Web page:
Pride parade a first for Surrey; rainbow flag flies at city hall for Orlando killings

Half-hour parade will be held prior to festivities at Holland Park on June 26

SURREY — A half-hour parade on June 26 is considered a “first step” by the head of Surrey Pride Society.

That Sunday morning, in a first for Surrey, members of the organization and supporters will walk from city hall to Holland Park, where a festival will take place for the rest of the afternoon.

The brief parade, which starts at 11:30 a.m. and ends at noon, will serve as a timely yet coincidental rallying point for those devastated by the killing of 49 people at a gay club in Orlando, Florida, said Shawn Ewing, third-year president of Surrey Pride Society.

“In light of the shootings, it’s also a way for people to show their support of the LGBTQ (lesbian, gay, bisexual, transgender and queer) community,” Ewing (PICTURED) told the Now.

“A parade is something we have thought about doing, and it’s time,” she added. “We knew we needed to get a footprint set down and we are fortunate this year to receive a ($5,000)grant from the city council (to do) a parade.”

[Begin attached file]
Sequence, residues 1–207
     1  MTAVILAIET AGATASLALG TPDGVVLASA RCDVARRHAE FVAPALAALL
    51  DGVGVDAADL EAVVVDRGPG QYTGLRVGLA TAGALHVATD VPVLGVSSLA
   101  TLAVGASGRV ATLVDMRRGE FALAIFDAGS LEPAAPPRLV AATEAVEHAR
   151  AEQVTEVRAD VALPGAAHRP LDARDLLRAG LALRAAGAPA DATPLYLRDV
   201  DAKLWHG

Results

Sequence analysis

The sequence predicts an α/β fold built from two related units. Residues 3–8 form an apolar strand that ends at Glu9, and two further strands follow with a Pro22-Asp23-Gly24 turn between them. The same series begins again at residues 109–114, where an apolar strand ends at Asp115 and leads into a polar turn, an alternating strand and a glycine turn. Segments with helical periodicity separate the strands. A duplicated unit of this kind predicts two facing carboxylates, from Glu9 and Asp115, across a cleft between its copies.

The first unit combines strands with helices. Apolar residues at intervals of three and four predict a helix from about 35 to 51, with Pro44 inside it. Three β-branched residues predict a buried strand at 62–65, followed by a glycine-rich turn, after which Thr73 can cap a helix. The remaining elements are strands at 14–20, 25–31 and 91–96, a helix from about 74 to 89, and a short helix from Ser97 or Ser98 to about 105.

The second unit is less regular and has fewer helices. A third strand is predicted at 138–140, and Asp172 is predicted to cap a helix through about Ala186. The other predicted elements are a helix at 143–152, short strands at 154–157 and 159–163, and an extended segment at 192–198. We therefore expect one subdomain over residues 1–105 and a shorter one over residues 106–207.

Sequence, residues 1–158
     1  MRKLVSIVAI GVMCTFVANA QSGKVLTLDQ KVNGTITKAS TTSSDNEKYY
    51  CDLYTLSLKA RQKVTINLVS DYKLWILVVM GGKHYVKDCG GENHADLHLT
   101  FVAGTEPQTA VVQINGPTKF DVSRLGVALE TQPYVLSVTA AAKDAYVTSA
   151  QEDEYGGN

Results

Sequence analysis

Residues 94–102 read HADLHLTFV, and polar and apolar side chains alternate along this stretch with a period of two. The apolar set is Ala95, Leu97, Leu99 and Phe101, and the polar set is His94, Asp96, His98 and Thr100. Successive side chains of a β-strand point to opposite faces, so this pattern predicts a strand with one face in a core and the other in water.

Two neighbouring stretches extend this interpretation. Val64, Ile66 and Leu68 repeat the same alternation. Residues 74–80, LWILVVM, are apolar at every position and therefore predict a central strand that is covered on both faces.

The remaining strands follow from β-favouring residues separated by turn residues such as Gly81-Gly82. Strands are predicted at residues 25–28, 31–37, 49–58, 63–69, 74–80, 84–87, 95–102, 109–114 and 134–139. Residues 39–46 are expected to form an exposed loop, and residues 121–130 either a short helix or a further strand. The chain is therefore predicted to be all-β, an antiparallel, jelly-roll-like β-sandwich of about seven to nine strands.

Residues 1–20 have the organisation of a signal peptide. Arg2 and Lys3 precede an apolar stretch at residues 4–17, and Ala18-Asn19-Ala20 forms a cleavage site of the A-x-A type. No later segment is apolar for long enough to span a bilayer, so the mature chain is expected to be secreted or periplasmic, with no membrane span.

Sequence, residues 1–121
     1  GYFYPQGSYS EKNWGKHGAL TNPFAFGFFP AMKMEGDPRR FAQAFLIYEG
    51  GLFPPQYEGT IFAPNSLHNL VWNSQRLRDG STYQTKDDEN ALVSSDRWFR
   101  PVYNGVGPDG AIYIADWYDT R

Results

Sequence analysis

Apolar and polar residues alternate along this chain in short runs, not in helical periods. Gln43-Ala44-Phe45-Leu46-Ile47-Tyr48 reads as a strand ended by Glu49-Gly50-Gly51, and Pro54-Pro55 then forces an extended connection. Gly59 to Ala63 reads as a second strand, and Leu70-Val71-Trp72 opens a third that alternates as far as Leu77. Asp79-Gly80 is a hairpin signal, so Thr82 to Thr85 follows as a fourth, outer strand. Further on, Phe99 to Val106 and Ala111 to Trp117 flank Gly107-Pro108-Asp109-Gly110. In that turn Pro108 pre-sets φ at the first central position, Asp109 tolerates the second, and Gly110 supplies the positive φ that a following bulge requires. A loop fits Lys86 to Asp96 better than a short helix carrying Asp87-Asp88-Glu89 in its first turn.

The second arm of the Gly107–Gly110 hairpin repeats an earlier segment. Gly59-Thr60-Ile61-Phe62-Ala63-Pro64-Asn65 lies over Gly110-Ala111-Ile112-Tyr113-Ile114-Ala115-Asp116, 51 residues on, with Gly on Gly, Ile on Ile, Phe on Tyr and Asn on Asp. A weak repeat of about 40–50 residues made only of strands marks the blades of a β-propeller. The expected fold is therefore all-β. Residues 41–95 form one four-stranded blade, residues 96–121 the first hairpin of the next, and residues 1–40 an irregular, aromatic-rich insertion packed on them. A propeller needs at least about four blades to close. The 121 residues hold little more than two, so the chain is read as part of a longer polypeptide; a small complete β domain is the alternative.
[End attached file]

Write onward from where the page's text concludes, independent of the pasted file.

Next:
Also this week, a rainbow flag is flying – at half staff, along with others – in the plaza at city hall.

On Monday (June 13), city council moved to have the Pride flag flown there until June 26, and also light up the plaza in rainbow colours, in “solidarity, sympathy and support” of the LGBTQ community in the wake of Sunday’s massacre in Orlando.

Council deemed it a one-time exception to a city policy prohibiting flags in the plaza other than federal, provincial and city ones.

“Under these extraordinary and trying circumstances, Surrey stands with the people of Orlando and the rest of the civilized world in condemning this heinous act of hate and terror,” Mayor Linda Hepner stated.

Ewing hopes the Pride flag will fly again at city hall next June during the 2017 Pride event.

“It’s an important flag to the LGBTQ community,” she said.

Surrey’s inaugural Pride parade will be nothing like the very large one held annually in Vancouver, Ewing emphasized.

“There certainly (won’t be) vehicle traffic because it’s quite a short route,” she said. “I think we’d like to see it develop more into a creative parade, and we like it staying green and not having gas-powered vehicles involved.”

Last year, close to 6,000 people took in Surrey Pride festivities at  Holland Park, Ewing said.

Related events posted at include a bowling night in South Surrey on June 23 and a dinner-dance at Vlassis Greek Taverna on June 24. More details can also be found on the group’s Facebook page.


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